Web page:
P.S. Some of my author friends were kind enough to share some of their own wedding tales too, so stay tuned for quick stories from them during the next week or two!

12 thoughts on “To Everyone’s Surprise, I Got Married Nine Years Ago. To No One’s Surprise, It Was Awkward.

    • I know! He’s one of a rare breed: Asian Swedes. He was adopted by his Swedish parents at twenty months old from South Korea.

      In related news, he confuses the hell out of people when they hear his accent. 🙂

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    • When I was younger, I worshipped Barry. The few times I pictured myself as an author, I imagined I’d be writing the same sorts of essays he did. I can still quote some of his pieces from memory!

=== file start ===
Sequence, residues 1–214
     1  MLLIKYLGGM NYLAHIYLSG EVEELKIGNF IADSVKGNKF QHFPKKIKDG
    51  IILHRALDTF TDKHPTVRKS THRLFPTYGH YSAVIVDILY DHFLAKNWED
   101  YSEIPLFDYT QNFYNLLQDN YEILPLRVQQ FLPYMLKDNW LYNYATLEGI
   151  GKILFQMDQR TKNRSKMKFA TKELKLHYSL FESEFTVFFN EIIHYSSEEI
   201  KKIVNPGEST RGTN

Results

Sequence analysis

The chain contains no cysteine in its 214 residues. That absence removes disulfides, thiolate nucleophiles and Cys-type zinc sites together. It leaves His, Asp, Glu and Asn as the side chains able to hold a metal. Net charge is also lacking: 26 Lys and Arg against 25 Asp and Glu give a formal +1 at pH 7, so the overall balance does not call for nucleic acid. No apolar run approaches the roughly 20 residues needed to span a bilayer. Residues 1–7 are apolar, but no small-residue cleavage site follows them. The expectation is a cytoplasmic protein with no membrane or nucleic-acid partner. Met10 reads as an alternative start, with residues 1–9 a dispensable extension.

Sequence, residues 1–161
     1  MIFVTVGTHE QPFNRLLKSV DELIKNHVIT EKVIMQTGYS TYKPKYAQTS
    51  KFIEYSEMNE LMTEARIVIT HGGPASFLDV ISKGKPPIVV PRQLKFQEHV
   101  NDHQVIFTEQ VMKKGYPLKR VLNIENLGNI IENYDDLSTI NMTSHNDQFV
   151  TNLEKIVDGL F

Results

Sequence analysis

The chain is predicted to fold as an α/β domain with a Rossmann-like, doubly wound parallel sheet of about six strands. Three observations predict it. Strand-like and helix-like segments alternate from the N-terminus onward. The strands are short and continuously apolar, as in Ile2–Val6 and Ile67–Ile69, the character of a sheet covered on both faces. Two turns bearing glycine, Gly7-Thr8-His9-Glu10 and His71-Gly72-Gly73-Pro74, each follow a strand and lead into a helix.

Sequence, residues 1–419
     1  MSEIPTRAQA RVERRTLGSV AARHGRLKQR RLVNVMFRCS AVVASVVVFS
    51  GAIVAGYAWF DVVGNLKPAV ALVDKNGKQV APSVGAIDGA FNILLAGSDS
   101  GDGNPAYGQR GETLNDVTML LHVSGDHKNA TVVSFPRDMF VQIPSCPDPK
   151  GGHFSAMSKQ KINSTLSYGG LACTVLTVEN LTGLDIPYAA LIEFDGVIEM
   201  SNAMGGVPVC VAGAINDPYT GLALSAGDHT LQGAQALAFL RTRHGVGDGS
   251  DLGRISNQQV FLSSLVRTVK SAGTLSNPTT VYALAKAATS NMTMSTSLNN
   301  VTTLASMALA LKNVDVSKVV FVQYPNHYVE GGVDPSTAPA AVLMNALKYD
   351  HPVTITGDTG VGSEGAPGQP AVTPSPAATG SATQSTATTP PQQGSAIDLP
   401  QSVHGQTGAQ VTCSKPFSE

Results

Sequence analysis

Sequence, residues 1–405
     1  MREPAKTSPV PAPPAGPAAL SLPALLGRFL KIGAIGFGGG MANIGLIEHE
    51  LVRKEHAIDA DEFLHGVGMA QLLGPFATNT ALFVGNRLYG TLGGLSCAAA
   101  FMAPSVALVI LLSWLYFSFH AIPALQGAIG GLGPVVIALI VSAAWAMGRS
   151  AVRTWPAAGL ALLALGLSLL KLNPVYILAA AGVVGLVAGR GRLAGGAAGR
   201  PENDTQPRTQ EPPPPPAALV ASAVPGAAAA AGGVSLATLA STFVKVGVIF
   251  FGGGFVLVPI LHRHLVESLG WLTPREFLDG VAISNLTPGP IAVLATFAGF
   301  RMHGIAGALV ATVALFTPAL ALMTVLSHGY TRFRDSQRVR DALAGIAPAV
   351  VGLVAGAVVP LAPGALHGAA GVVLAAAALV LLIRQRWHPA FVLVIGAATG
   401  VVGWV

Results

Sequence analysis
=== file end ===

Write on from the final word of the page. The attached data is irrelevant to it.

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  1. That’s a great story Olivia! And obviously made for some wonderful quirky memories. The funniest thing that happened to me that I recall (15 years ago) was that I was in the back seat of the car on the way to the church, and the car behind me was my friend, who looked horrified to realize she might get there after the bride, and immediately picked up her speed to pass us, waving as she went by.

    Liked by 1 person

  2. I usually hate weddings. I have asked a lot of young couples, “Do you want to GET married, or to BE married?” Because I think we imbue young people, particularly girls, with this idea that the wedding has to be this perfect event, and that’s a lot of pressure (and in some cases expense) that’s hard to live up to day-to-day.

    Your day sounds perfect for you, and accomplished without making everyone involved cranky.

    Liked by 1 person

    • I honestly wince when I hear the total cost for some weddings. I keep thinking, “You could put a down payment on a house for that amount of money!” But then, I’m horribly pragmatic about many things. And I know that for many women, their wedding IS a huge deal. Just not for me. 🙂